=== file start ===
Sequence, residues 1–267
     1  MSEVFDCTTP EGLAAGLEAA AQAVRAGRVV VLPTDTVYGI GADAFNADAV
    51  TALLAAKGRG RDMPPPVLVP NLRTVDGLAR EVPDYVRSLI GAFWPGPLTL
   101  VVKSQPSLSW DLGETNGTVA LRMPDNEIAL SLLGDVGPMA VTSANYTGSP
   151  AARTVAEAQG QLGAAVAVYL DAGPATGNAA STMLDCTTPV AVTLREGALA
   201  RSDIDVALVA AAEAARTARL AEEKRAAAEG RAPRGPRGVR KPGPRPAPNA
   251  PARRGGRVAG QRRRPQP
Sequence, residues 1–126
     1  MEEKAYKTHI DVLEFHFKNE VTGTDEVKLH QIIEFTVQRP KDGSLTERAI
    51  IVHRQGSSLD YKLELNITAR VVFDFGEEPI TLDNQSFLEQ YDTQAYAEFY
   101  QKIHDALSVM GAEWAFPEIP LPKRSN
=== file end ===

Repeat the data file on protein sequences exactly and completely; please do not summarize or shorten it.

Sequence, residues 1–267
     1  MSEVFDCTTP EGLAAGLEAA AQAVRAGRVV VLPTDTVYGI GADAFNADAV
    51  TALLAAKGRG RDMPPPVLVP NLRTVDGLAR EVPDYVRSLI GAFWPGPLTL
   101  VVKSQPSLSW DLGETNGTVA LRMPDNEIAL SLLGDVGPMA VTSANYTGSP
   151  AARTVAEAQG QLGAAVAVYL DAGPATGNAA STMLDCTTPV AVTLREGALA
   201  RSDIDVALVA AAEAARTARL AEEKRAAAEG RAPRGPRGVR KPGPRPAPNA
   251  PARRGGRVAG QRRRPQP
Sequence, residues 1–126
     1  MEEKAYKTHI DVLEFHFKNE VTGTDEVKLH QIIEFTVQRP KDGSLTERAI
    51  IVHRQGSSLD YKLELNITAR VVFDFGEEPI TLDNQSFLEQ YDTQAYAEFY
   101  QKIHDALSVM GAEWAFPEIP LPKRSN